Oh, and if you want to truly understand's a great essay by Ander Monson titled, well, Solipsism. It reads much better in The Best American Essay 2008. After reading this essay again and clicking on all the links would seem I've been preparing myself to read DFW for a long while now...'curiousier and curiouser'...

And, finally, a little house-keeping:

1] I will be out of town next weekend, but, if you are in the area, please feel free to come over and chat today. My family is in town for the 4th, but I'm sure I can spare an hour.
2] If you haven't signed up officially, please do so here.
3] Catch up on all of our IJ stuff and things here.
4] All of the books on this list are $3.99 on the Nook, including A Supposedly Funny Thing I'll Never Do Again: Essays and Arguments ...go snag it while it's there to be snagged!
5] And, keep the convo coming, I am loving it and it helps me to understand the book and my viewpoints so much more.

What would you like to talk about?


  1. The quotations you've chosen are just spot-on (again). All that stuff about choosing what to love, or what it is that makes you more than an isolated self really stands out. There's an element of it too in the discussion with the little buddies about how to cope with ambiguous on-court bowel problems. (I'm really, er, straining to avoid being vulgar here.) I think there probably is meant to be a link of some sort, given that that issue is in the paragraphs surrounding a recapped/quoted Schtitt on patriotism. It's like both ends (urgh, sorry: it's late here) of the same problem.

    So, did anyone else think it was significant that this matter is essentially Schtitt and Marathe (on the self-denial/patriotism/higher calling side) preaching to the anglo-ish characters on t'other side? Or am I imagining this?

    1. OK, sooo I waiting to see who else would respond before I did, but, um...yeah...

      So, every time I read your first paragraph, I laugh lots. I laugh at the truth and the gentle and easy way in which you talk about it all! :D

      It seems that Maranthe is so together and honest and sincere that I found myself buying into what he was saying. Reading Schtitt again I realize that you are right and would go so far as to say that how it is...those that have always been around something take for granted how awesome it is/taking for granted the awesome choice and take for granted the fact that their hard work isn't really hard work at all. However, both Schtitt and Maranthe can and do see it all differently.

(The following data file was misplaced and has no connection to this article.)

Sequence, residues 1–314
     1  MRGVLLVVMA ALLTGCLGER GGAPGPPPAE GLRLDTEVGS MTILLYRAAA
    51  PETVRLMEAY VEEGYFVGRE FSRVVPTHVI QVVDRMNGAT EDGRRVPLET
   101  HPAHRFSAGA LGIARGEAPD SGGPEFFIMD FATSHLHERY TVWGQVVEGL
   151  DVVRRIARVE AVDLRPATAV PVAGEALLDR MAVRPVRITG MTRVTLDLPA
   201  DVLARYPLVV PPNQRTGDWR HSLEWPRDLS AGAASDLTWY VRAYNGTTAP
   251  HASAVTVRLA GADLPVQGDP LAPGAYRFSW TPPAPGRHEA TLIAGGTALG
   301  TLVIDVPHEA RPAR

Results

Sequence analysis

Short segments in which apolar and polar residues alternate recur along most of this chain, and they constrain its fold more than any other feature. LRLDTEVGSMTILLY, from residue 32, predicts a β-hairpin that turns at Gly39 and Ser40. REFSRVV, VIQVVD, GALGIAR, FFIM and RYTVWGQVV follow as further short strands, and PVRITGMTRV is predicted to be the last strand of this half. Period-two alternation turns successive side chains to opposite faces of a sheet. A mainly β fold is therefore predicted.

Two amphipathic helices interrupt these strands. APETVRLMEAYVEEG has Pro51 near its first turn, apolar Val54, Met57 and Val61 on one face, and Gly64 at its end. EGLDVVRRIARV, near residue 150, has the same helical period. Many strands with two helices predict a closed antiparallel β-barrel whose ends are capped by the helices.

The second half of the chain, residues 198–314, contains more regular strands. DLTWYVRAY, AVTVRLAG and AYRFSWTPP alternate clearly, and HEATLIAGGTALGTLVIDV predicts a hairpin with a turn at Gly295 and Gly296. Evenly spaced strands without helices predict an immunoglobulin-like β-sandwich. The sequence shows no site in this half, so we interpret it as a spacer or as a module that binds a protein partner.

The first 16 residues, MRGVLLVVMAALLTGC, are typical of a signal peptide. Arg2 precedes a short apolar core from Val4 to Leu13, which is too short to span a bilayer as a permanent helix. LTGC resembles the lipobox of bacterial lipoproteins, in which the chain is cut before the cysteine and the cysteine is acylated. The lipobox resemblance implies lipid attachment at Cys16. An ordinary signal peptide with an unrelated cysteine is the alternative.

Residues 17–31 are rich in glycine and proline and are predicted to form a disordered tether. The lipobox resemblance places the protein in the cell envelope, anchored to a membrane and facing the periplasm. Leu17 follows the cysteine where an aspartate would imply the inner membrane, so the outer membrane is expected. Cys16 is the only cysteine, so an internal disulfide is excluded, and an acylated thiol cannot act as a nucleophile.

Definitely not imagining anything!

  2. Sorry for posting late!!

    I love the quotes you chose Stephanie; especially the quote, "Our attachments are our temple, what we worship, no? What we give ourselves to, what we invest with faith" (107). When so many people blindly choose their attachments, it can be quite dangerous; maybe not in a fatal way, but in an obsessive way. Our attachments can create chaos in our everyday lives. They almost seem like addictions, don't they? Some people's attachments—"temples"—are so embedded within them that if they were stripped of them, they would be losing their very identities. So, Marathe's advice seems very important: "Attachments are of great seriousness. Choose your attachments carefully. Choose your temple of fanaticism with great care."

    Another quote I liked (Schtitt's view on tennis): "The true opponent, the enfolding boundary, is the player himself. . . . The competing boy on the net's other side: he is not the foe: he is more the partner in the dance. . . . You compete with your own limits to transcend the self in imagination and execution. . . . The animating limits are within, to be killed and mourned, over and over again" (84). When I read this quote, I knew it didn't just have to be applied to tennis—it could be applied to life. Who cares if we beat somebody? Who cares if we fall short to another person's prowess? The problem with the U.S. lies within this concept. We promote togetherness and tolerance to other countries; yet at the same time, we also value competition and individuality. I'm guilty of it myself! It's a contradiction that sometimes prevents us from growing individually.